ND legal experts stand behind Roberts
Maddie Hanna | Tuesday, September 6, 2005
Supreme Court chief justice nominee John Roberts, who was elevated following the death of Chief Justice William Rehnquist Saturday, has not been told when his official confirmation hearings will begin.
But Notre Dame legal experts gave the potential justice their seal of approval and said the process is unlikely to create controversy.
Notre Dame law professor Richard Garnett, who clerked for Rehnquist in 1996 and 1997 and has met Roberts, said he saw the nominee argue before the Supreme Court several times.
“He was fabulous,” Garnett said. “It was kind of like, when the word got out that Roberts was arguing, people would drop what they were doing and go watch because it was going to watch a real craftsman.”
Similarly, law professor A.J. Bellia, who clerked for Supreme Court Justice Antonin Scalia in 1997 and 1998, called Roberts “phenomenal.”
“He’s the best Supreme Court advocate I had ever seen in action,” Bellia said. “I think he’s an excellent choice. He strikes me as somebody being concerned about the law of the case as opposed to the politics of the case.”
Garnett said Roberts’ confirmation was a “sure thing,” although he predicted around 25 or 30 no-votes.
“The Democrats won’t have the votes to sustain a filibuster even if they wanted to,” Garnett said. “I think people will vote against him, even though they know he’s going to be confirmed, because the polarization’s gotten worse. But that’s unfortunate, because whatever one’s ideological views, based on his merits he is one of the best qualified nominees in 50 years.”
Political science professor David Campbell said he thought Roberts would most likely be approved quickly, noting that he is “not a hard-core ideologue.”
Both Campbell and fellow political science professor Peri Arnold reflected on the lack of controversy in Roberts’ background. Roberts’ stint in private practice reveals little about his beliefs, Arnold said.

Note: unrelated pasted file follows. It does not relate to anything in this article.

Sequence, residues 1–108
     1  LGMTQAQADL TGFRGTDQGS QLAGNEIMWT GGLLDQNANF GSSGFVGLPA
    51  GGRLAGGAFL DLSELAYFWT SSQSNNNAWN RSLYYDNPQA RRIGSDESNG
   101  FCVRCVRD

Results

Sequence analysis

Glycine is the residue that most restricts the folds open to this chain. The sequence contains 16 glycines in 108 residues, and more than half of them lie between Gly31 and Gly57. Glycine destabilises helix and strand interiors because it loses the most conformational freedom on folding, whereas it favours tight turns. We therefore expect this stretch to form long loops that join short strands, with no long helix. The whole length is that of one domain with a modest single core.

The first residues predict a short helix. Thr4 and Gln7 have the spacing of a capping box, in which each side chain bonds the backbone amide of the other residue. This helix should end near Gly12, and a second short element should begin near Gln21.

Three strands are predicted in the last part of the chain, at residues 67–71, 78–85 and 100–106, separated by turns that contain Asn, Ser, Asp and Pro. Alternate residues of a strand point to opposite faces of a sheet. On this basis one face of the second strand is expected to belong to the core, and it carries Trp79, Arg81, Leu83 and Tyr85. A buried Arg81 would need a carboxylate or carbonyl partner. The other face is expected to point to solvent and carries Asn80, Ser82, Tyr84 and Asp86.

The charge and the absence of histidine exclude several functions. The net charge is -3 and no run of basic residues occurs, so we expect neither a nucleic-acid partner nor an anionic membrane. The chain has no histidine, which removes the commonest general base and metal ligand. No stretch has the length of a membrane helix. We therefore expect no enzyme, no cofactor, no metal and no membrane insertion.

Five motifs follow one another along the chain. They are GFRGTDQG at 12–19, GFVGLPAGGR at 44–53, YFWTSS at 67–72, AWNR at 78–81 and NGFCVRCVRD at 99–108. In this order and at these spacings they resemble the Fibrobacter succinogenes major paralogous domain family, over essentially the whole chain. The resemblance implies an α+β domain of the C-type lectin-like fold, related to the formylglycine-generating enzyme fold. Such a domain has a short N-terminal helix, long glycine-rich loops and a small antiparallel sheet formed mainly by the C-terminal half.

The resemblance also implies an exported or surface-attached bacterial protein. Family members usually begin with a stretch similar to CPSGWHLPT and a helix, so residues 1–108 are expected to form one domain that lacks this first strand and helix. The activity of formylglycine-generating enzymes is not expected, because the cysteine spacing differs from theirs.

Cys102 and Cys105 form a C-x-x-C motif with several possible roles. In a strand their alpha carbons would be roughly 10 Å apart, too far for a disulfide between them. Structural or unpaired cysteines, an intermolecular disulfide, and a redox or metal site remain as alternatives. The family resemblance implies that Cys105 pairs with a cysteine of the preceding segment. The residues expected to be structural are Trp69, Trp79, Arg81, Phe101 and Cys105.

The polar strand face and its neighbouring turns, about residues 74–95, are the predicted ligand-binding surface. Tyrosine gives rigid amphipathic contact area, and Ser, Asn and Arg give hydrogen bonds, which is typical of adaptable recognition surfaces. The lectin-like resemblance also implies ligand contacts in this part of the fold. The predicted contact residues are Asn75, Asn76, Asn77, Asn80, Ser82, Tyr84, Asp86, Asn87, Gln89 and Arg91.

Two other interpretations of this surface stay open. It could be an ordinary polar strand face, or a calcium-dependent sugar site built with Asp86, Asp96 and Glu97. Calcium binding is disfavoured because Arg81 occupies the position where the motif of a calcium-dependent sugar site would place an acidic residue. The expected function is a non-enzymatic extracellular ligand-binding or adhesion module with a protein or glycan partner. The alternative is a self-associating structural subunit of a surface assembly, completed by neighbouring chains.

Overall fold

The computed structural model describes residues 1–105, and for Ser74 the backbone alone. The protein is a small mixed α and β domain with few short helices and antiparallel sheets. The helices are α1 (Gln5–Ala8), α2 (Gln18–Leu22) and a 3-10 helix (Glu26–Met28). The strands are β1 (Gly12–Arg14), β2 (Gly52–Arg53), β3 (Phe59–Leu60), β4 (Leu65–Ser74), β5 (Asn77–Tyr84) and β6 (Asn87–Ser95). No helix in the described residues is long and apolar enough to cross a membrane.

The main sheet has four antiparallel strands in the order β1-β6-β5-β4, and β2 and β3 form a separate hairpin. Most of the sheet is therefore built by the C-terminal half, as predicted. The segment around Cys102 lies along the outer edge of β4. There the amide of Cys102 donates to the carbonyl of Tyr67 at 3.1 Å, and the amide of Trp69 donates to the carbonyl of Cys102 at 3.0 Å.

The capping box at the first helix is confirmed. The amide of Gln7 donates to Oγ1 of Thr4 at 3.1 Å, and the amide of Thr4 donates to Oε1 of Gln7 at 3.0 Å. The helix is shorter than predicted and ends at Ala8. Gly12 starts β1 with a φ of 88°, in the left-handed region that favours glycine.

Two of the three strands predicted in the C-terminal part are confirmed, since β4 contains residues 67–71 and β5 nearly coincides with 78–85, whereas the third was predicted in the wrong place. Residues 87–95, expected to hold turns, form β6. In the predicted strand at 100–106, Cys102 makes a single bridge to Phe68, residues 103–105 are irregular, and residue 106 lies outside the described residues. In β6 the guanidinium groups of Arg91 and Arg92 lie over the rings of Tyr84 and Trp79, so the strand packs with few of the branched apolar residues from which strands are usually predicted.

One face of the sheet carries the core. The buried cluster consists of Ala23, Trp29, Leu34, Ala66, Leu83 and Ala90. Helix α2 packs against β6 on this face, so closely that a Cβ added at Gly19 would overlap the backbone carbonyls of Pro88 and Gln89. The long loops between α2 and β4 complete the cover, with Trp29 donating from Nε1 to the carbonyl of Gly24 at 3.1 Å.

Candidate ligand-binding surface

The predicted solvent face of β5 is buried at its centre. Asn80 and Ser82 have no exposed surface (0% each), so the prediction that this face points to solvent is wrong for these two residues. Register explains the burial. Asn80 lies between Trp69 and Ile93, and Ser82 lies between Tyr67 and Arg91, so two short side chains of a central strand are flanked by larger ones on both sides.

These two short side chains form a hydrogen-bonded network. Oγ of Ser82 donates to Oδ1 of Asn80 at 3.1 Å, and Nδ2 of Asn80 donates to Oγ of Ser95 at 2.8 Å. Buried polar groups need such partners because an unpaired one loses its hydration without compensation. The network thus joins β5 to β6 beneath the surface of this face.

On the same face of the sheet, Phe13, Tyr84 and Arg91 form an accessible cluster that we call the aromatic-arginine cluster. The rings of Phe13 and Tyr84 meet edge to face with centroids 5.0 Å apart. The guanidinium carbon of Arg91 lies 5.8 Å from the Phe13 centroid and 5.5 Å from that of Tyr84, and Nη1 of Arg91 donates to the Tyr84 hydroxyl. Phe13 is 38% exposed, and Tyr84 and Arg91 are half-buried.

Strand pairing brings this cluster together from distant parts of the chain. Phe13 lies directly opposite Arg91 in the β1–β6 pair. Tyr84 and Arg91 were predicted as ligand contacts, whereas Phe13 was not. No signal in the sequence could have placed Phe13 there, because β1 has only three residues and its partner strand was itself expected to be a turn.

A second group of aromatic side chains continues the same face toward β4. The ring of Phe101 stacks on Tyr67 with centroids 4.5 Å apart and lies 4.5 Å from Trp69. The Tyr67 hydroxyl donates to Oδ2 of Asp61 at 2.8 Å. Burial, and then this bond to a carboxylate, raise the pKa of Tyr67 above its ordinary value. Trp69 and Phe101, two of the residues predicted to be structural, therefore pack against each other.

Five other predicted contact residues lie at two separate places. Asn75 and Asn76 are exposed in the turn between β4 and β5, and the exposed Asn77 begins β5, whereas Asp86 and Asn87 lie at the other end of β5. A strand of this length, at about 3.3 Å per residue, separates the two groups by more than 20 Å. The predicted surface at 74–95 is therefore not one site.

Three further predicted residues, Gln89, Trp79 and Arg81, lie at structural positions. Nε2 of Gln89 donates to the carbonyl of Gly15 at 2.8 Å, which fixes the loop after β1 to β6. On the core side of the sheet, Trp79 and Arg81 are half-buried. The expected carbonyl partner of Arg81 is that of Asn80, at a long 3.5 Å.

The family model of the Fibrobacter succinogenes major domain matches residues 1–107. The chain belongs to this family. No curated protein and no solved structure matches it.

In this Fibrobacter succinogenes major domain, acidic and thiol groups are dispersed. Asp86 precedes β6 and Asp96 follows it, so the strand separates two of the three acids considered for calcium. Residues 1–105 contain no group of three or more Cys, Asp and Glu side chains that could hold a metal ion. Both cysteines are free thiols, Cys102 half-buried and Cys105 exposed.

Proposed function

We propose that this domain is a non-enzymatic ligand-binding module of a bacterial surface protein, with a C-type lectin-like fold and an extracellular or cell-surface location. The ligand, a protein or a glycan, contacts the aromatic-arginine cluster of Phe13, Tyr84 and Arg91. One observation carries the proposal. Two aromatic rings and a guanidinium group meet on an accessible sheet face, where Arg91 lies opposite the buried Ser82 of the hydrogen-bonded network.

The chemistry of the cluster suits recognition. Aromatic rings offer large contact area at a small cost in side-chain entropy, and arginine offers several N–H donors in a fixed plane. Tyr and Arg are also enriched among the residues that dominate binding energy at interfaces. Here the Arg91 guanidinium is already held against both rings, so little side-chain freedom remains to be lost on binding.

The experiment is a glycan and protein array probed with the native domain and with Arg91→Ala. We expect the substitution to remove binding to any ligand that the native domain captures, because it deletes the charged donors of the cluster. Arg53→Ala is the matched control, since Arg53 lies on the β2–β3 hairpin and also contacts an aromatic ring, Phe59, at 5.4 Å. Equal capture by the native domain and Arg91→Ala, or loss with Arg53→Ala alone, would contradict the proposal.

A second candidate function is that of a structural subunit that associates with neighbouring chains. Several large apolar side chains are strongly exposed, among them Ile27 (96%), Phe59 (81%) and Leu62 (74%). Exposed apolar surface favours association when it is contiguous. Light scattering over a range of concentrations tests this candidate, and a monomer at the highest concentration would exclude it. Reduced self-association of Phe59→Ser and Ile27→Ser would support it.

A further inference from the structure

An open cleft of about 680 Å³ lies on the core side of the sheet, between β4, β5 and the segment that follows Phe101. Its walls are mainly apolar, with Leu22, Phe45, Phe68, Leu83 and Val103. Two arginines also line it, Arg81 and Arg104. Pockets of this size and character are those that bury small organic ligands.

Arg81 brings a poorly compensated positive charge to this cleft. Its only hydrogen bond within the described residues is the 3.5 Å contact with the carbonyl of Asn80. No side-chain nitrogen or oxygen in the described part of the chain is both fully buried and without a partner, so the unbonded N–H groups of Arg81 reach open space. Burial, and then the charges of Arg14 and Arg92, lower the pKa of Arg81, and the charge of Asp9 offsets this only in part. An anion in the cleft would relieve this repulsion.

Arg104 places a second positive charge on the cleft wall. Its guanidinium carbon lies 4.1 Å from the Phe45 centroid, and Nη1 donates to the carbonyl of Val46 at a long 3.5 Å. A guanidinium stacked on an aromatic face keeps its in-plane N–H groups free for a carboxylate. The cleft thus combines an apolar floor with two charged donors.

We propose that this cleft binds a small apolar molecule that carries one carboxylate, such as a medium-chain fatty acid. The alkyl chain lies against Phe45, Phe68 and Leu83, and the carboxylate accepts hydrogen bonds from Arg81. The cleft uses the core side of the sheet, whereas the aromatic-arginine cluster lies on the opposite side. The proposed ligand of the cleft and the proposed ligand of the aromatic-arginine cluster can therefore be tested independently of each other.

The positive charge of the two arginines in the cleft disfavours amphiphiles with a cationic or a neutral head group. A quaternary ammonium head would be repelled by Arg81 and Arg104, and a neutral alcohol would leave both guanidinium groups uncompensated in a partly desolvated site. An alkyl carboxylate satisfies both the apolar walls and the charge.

“Even though he has a large paper trail, it is a paper trail reflecting the views of his clients,” he said.
But Garnett said what is known about Roberts – and the paper trail mentioned by Arnold – is relatively standard for Supreme Court nominees.
“I probably disagree with those who are saying the paper trail doesn’t tell us much,” he said. “It’s certainly more than we knew about, say, David Souter. It is true that most of what he’s done has been in his capacity as a lawyer with a client, so you can say that doesn’t tell us necessarily what he really thinks. But you know, I think we know as much about what he really thinks as we’re entitled to know.”
Although Roberts does not have an extensive history as a judge, Garnett said the nominee’s background as a Rehnquist clerk in the early 1980s as well as positions within the Reagan and first Bush administrations were telling.
“I think, actually, if you want to know where Roberts is on a lot of stuff, Rehnquist is a good place to start,” said Garnett, who disagrees with the public’s demand to know Roberts’ position on controversial issues.
That hasn’t always been part of American philosophy, he said.